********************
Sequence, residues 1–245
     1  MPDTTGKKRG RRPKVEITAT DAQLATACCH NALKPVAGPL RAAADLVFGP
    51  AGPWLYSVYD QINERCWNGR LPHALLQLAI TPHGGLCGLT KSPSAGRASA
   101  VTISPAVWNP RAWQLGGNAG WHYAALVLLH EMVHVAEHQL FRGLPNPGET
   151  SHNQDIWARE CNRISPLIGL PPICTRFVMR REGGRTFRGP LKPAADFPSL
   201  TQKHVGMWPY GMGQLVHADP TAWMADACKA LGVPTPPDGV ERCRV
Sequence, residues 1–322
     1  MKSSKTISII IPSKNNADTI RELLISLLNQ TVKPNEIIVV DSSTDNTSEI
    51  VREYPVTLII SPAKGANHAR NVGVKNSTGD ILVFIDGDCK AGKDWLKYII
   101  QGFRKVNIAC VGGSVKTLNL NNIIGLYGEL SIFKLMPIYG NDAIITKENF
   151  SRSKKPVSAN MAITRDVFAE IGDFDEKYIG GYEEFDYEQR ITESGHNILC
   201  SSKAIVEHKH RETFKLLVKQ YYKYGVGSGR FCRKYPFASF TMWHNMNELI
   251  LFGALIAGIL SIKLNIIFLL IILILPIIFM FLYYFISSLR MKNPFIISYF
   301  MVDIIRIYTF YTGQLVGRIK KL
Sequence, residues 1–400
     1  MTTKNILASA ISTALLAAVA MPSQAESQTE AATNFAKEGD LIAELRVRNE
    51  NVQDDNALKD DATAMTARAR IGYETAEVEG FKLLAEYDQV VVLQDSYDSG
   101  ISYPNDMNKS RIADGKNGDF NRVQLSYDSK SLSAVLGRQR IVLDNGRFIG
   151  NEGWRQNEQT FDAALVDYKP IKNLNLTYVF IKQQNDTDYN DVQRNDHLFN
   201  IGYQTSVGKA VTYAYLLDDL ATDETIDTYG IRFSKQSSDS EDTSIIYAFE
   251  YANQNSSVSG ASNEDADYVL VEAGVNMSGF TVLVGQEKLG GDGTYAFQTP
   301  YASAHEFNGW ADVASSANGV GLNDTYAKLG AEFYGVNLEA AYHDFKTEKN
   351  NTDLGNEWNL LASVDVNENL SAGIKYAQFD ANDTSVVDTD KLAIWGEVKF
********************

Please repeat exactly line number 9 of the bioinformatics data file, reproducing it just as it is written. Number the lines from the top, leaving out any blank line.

    51  VREYPVTLII SPAKGANHAR NVGVKNSTGD ILVFIDGDCK AGKDWLKYII